Meet mates in a minute

Illustration of romantic dinner

Montreal has long been known as Sin City North, where playing around has been part of our cultural heritage since Sieur de Maisonneuve founded the city in May 1642. Three hundred and sixty-one years later, McGill has introduced "the world's first student-run speed-dating service so students can feel more comfortable meeting other people," says McGill Speed Dating student club president Michael Perez.

Which raises the question: How ugly are these students?

"None at our last event were ugly," says Perez, a little defensively. Rather, the student-only service offers an environment "where everyone is about the same age. The main concern among girls is whether the guys are young or old."

Perez, a 23-year-old grad student, wishes such a group existed when he first came to McGill. "I've tried internet dating and you don't really know who you're meeting," he explains. "It could be dangerous. So our group ups the comfort level."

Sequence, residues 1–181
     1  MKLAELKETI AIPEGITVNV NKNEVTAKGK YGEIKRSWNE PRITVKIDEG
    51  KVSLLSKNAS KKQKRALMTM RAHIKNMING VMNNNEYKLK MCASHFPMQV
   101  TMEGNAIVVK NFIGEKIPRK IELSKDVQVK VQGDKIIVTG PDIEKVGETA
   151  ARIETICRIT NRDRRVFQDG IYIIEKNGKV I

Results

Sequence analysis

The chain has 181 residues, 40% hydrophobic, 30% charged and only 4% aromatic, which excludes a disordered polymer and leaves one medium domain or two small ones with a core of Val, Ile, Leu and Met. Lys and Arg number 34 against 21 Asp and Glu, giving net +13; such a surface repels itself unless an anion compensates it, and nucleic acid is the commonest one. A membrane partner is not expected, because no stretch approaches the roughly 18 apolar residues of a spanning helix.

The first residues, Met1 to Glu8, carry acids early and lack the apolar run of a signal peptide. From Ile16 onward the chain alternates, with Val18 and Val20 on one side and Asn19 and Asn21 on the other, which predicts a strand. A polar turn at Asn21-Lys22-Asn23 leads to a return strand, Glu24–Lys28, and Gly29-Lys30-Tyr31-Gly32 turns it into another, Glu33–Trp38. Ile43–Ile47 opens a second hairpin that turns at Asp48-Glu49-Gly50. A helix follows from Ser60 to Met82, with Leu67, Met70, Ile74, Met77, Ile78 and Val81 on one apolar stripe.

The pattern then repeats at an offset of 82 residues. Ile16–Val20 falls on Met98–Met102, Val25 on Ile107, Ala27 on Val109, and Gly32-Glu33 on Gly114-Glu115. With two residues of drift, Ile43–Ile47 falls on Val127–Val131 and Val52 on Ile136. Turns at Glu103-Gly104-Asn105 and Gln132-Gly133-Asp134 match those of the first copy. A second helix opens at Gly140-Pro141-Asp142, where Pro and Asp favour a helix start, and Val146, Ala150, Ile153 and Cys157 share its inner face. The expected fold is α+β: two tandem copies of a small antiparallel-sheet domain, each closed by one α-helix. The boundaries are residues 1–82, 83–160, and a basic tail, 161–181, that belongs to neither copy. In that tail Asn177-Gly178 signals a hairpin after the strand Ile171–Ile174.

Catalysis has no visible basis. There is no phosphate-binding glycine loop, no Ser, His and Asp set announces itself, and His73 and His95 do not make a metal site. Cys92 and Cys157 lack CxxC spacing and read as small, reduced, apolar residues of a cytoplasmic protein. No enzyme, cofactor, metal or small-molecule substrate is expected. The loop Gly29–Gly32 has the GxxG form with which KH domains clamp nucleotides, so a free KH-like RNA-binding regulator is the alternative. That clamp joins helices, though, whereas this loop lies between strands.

Ideally, equal numbers of men and women are paired up, talk for five minutes and then change partners. You tick off the "number" you're interested in and if there's a match, the partners are notified the next day. The club had a 50 percent match-up rate at their April event.

So what do McGill administrators think of the student dating service?

"They like the idea as long as it's clean cut," Perez says.

How long that'll last is anybody's guess. McGill Speed Dating will host several events in the coming weeks, as well as (yikes) frosh week in September.

Surf to www.speed8.com to register for McGill Speed Dating's upcoming events. Admission: $5 for guys, free for women.

Adapted from Hour


For someone to hit twice, it's very, very rare. It's pretty amazing.

The odds of winning a single 6/49 jackpot are one in 14 million. Russell Steele, professor of mathematics and statistics, in a quick calculation for the Gazette, estimated that for someone playing once a week over 20 years, the chances of winning two jackpots are roughly one in 400 million.